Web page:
A POS system has both software and hardware components, which should be taken into consideration when a purchase of a system is made. With respect to software, there are two options. The first option is on-premises POS. In this case, the software is hosted on a server that is located within the retailer or restaurant’s physical or virtual network. The POS system buyer is required to purchase one or more licences, update their own software regularly, dedicate IT personnel, and pay for hardware upfront. The second option is the cloud POS. A cloud point-of-sale system allows the POS buyer to access software on the internet from any device. Software updates are typically pushed to the software publisher regularly, with little or no intervention from the buyer. Few employees need to be involved in the management of the software since no servers are maintained on-site. For these reasons cloud POS typically has a much lower upfront cost.
When deciding what to look for in a POS, we believe that ease of integration and flexibility is key. It is essential to ensure that your preferred POS vendor works with a payment processor or payment gateway of your choice so that you keep costs under control.
POS hardware that you will need includes a barcode scanner, a credit card reader, a receipt and kitchen printer, and a cash drawer.
The monitor displays the product database and enables other functions, such as allowing employees to clock in, view sales reports, and display the ordering workflow.
The barcode scanner automates the checkout process, by pulling the product info from the barcode attached to every product and adding it to the checkout total. Barcode scanners can also be integrated with inventory management to ensure that adequate supplies are available to support the operation of the retail store or kitchen.
The credit card reader is typically provided by the payment processor or payment gateway. Credit card readers charge the amounts specified by the POS or can charge amounts manually depending on the level of integration between both.
The cash drawer, despite the growing popularity of credit card use and other forms of payment, remains central to the retail or restaurant operation.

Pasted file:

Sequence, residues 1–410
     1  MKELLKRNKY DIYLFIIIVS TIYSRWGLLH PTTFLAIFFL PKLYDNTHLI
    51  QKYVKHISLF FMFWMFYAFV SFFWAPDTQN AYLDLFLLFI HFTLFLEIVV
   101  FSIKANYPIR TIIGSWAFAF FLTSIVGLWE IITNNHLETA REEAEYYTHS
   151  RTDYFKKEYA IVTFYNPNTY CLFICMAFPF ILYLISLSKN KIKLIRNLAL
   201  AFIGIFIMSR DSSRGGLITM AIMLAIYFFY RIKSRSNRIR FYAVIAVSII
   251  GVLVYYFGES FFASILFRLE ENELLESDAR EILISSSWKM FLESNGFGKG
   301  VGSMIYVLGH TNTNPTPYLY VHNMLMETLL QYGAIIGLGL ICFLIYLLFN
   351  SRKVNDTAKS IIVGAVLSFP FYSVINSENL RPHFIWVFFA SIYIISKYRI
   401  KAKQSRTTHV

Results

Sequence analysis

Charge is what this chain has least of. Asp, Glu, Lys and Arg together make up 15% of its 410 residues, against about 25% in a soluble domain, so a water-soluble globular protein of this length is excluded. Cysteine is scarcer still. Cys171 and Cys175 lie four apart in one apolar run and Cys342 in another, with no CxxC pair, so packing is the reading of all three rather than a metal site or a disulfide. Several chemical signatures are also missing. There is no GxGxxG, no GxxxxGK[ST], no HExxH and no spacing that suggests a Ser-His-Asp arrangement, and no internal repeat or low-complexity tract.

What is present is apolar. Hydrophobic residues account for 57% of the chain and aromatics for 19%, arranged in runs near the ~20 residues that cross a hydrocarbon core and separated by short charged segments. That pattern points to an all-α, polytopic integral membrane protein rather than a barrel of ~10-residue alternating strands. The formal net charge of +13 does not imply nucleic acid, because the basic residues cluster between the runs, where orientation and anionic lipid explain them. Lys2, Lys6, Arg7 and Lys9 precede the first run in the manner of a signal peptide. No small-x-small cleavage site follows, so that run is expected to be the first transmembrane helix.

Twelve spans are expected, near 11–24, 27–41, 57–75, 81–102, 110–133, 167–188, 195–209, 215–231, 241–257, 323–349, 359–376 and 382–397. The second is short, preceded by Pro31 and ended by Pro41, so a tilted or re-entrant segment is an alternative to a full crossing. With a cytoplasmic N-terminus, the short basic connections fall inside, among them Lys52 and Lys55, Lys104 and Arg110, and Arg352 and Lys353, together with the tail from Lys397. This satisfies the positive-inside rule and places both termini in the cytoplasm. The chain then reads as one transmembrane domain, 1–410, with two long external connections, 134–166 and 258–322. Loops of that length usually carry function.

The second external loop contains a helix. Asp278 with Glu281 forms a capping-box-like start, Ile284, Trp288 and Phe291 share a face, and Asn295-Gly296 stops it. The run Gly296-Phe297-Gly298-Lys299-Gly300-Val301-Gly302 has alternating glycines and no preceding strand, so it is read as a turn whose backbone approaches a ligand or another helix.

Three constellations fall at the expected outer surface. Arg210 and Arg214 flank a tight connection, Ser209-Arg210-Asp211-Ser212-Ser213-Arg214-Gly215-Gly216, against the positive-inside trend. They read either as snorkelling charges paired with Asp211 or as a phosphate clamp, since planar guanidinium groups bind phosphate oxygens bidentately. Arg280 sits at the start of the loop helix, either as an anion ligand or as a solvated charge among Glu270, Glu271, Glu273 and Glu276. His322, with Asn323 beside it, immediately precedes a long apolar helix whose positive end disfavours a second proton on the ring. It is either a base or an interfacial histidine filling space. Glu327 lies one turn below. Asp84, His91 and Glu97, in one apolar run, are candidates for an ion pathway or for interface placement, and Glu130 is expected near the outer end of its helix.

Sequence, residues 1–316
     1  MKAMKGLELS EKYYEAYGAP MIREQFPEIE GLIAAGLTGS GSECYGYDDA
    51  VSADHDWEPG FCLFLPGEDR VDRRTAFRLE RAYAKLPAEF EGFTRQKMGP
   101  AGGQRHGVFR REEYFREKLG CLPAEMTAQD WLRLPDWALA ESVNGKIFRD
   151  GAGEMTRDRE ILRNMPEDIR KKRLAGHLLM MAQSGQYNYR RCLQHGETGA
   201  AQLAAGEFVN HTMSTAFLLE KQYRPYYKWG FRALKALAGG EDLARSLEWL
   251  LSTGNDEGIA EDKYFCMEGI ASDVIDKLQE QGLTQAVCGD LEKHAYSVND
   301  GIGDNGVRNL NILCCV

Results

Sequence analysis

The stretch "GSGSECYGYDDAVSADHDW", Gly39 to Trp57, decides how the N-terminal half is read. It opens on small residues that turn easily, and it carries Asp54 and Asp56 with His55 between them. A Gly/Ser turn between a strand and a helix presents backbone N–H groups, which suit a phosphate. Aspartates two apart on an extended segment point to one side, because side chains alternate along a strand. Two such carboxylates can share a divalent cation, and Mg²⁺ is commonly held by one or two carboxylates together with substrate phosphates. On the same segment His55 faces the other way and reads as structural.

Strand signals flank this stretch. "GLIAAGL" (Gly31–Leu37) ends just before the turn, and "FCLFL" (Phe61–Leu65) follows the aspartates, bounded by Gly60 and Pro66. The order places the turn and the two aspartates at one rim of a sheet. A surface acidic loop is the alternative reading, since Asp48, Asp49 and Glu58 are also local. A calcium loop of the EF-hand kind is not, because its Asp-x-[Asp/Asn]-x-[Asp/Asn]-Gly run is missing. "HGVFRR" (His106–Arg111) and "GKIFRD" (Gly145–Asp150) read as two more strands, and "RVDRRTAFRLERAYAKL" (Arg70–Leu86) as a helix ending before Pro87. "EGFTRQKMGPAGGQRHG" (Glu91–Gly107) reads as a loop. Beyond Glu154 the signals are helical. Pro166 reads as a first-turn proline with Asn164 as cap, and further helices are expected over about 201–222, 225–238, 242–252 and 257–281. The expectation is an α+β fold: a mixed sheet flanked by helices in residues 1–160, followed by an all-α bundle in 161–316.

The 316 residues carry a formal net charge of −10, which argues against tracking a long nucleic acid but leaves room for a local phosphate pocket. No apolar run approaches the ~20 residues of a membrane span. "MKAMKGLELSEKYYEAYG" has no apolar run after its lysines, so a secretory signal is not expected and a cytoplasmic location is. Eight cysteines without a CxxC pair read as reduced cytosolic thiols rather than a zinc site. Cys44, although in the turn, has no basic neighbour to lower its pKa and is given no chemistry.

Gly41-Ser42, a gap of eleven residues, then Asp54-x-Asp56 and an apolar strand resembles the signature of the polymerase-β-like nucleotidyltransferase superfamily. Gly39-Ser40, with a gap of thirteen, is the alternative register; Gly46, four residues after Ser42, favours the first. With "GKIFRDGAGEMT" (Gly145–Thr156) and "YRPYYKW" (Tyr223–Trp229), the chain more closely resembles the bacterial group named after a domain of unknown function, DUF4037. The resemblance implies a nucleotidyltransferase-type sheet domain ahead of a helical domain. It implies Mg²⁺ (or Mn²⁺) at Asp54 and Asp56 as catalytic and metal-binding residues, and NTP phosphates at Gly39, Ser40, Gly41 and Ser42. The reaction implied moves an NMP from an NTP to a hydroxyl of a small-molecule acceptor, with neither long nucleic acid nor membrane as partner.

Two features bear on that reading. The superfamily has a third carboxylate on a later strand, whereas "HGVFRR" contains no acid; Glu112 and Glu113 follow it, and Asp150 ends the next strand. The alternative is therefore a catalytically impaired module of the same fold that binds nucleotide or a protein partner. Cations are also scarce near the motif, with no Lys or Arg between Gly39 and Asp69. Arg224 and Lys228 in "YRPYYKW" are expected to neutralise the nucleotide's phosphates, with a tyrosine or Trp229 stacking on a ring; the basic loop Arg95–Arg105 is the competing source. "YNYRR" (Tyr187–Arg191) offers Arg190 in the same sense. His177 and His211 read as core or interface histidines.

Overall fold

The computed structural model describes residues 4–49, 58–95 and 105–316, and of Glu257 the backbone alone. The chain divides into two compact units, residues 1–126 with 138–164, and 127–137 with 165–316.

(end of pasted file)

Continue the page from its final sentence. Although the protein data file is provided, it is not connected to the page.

POS System Features
The most common POS software features involve sales reporting, inventory management.
Your typical POS software should have the following sales reporting functionalities. It should generate detailed sales reports (based on product, hour, employee, the total cost of items sold, net profit, profit percentage, gross margin). It should also provide quick snapshots and charts of your store’s sales performance.
With respect to inventory Management, one of the most important functions of a POS inventory system is to keep track of all products and ensure the adequate supplies are promptly ordered for an effective operation of your store or restaurant. It is certainly a big disappointment when your most popular line item is out of the sale because you missed the right date for rebuilding your stock.
Your POS system should enable you to scan and count products digitally, manage your stock by creating product variations, identify pieces of inventory with a unique serial number, track inventory levels across multiple locations, enable seamless ordering such as automatically setting custom reorders of best-sellers and consolidating purchases and orders in a single order.
A POS should have a customer relationship management (CRM) module to track all customer data. It should also help you in attaching a sale/transaction to a customer, keeping track of your customers’ purchase history, capturing customer information such as name, age, birthday, phone number, and email address, using email marketing to stay in touch and supporting loyalty programs.